HTC has had a less-than fortuitous 2012 so far and has in some instances been shoved into the same near-down-and-out category as beleaguered BlackBerry maker RIM. Understandable if a little mean, as revenues for HTC have fallen catastrophically, it patent battles with Apple haven’t gone entirely to plan and millions of existing HTC devotees were dealt a fatal blow last week when it was announced that no Android Jelly Bean update would be coming to the company’s latest range of Smartphones.
Or to put it another way, HTC needs to pull of something big…and soon.
Perfect time therefore to usher in the HTC Droid DNA release date, which set its sights on capitalizing on the incredible success enjoyed by the Samsung Galaxy Note and Note 2 Tabphone hybrids. Boasting specs and features like a quad-core Snapdragon processor, a superbly sleek and slender body and a market-leading 440ppi 5-inch display, you’d expect the Droid DNA to pretty much wipe the floor with its rivals – or at least shine through as game-changer for HTC .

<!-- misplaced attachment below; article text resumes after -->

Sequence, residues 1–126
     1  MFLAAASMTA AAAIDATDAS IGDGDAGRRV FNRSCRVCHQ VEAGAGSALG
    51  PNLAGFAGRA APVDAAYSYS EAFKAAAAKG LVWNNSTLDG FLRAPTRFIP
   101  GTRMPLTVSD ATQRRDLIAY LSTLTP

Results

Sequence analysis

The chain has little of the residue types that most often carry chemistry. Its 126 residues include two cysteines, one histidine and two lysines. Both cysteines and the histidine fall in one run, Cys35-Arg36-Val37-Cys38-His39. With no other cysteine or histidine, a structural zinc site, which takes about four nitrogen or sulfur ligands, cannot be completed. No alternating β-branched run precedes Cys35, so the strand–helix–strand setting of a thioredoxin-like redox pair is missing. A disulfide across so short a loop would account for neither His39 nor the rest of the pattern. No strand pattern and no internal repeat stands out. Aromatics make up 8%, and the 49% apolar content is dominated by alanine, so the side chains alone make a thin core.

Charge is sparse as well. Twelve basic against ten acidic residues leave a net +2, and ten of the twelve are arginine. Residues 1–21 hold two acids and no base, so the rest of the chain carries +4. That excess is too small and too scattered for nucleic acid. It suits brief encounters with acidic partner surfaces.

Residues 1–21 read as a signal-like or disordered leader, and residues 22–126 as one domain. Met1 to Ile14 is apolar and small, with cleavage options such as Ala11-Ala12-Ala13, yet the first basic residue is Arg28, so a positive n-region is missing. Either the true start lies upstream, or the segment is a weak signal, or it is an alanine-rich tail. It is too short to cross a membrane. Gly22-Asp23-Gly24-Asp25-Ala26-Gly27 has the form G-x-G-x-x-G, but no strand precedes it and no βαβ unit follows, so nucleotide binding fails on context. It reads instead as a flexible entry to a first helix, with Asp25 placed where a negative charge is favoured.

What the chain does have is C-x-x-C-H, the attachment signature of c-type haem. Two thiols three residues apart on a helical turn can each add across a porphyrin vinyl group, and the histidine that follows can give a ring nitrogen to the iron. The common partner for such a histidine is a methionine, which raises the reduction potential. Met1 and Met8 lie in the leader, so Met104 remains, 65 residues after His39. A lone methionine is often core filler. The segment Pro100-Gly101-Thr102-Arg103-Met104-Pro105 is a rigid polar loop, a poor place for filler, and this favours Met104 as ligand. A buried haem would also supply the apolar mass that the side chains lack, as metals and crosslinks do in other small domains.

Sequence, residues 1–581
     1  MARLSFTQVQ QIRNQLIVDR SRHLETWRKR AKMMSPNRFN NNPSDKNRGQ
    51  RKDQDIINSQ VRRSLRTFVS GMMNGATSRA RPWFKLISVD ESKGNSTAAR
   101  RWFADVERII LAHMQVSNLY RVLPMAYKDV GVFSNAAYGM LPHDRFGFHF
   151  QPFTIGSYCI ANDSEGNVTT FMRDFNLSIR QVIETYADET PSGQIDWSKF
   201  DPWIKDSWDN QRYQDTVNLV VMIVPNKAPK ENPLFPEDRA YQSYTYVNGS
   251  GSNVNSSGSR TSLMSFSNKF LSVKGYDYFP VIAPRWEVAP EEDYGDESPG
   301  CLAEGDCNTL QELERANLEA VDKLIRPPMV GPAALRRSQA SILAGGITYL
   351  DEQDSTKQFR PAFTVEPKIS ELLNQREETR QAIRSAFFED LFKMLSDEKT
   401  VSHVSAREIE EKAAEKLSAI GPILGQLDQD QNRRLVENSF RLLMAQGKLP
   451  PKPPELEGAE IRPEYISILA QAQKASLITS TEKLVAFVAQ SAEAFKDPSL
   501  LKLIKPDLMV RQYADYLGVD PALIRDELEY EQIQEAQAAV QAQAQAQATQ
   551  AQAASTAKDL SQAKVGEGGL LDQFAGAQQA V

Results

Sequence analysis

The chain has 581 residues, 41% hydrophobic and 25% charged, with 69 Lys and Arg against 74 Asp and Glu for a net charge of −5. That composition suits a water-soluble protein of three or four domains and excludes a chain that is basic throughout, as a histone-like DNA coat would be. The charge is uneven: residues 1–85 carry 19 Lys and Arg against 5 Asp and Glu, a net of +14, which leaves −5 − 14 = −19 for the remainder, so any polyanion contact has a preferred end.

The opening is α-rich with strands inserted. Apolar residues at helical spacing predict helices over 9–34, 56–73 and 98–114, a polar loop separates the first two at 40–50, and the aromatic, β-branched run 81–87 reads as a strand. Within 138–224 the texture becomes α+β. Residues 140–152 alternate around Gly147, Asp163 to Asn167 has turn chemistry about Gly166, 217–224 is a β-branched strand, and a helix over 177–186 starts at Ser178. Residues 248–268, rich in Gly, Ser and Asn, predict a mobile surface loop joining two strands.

Sadly, the downside of packing in so many pixels is the way in which corners have to be cut elsewhere, albeit behind the scenes. As such, while there is no disputing the way in which 440ppi is a truly remarkable spec for the HTC Droid to boast, it somewhat loses its luster when considering the tradeoffs made in terms of lower battery life and lesser overall quality of graphics.
Early reviews have been largely positive, though dozens have already picked up on certain rendering problems when running certain apps a battery life that just doesn’t cut it – up to 22% lower than the Samsung Galaxy S3 during standard operation. Worse still, bump up the brightness to 100% and the HTC Droid DNA was found to diminish its entire power reserves in less than two hours.
It essentially all comes down to what is considered most important as the bragging-rights that come with such pixel density are huge and visuals in general are truly off the scale. On the other hand, the list of specs and features boated by the HTC Droid DNA are subject to a very big “but” – one that HTC could have done with sidestepping at this time in particular.